In his essay “The Post-Information Age,” Negrponte suggests that traditional (and historical) modes of capitalist production and consumption are no longer feasible (or profitable) in the digital age. Breaking what he calls “space and time,” the post-information age is indicated by our digital selves, rather than the more traditional narrowcasting or segmenting (politically, regionally, etc.). Negroponte argues for a smarter and more intelligent technological response to our “digital lives,” avoiding (or at very least eliding or side-stepping) issues of surveillance, tracking, and/or essentialism based on our search engine queries, Facebook friends, or other digital footprints.
In my imagination, perhaps, I feel like I read some sort of prompt for this blog post that tended toward the historical and comparative. To that end, I think there are certain commonalities that unite Hall and Negroponte: a sensitivity to the local and specific, and also an attention to the detailed and material realities of specific sets of people. Hall’s analysis, and its desire to reconcile economic and social analysis, mirrors the technological issues mentioned by Negroponte regarding monovocality, singularity, and the individual. But Hall would like to have both specificity and spread–suggesting that colonialization and racism are factors that poison the collective well (queer theory might prove useful here). But what of models of the digital self, as posed by Negroponte, and the collective and/or social as framed by Hall? How can we square the socio-economic ciricle of social and cultural relations (or political economy) while also preserving space for the individual as a person as well as digital entity?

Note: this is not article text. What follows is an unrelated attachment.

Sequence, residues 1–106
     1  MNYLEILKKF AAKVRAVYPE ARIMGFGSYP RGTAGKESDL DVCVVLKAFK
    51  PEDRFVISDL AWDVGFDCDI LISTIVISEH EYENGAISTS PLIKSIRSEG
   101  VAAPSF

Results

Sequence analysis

Walcott may offer some insight here; in “Fragments of Memory,” he circles around issues of identity and expectation and suggests that for the Antilles to “play by” Western or global rules about what it should be, look like, and offer as experience is doomed to fail. His careful attention to materiality and aesthetics (“poverty is poetry with a V, une vie…”) acknowledges the Antilles in representation (mostly literature) and diaspora while calling attention to the specificity (and historical trajectory) of contemporary Antillean culture and language, space and place. Ultimately, I think Walcott has a similar “both/and” tack to Hall that sidesteps contemporary academic debates in favor of alternative models. However, Walcott does not engage with the sort of socio-economic analysis or academic dismantling that Hall might, preferring to use art–poetry–as the lens and vehicle on which to think of the Caribbean. The advantage of art is that it is both representational and material–Walcott’s essay conveys his thoughts and is his thought. It expresses the tension between multiplicity and individuality in its form as well as its content–language writhes in his descriptions with both beauty and violence, compatriotism and indignation.
Perhaps the alternative formulations of identity and reality that Walcott articulates as belonging to the Antilles, and perhaps the Caribbean more broadly, can (or could have found) elbow room and space to breathe more freely on the internet at the time Negroponte is writing. I’m not so sure that is still possible, or even desirable, now.
Note: I updated this after my original posting.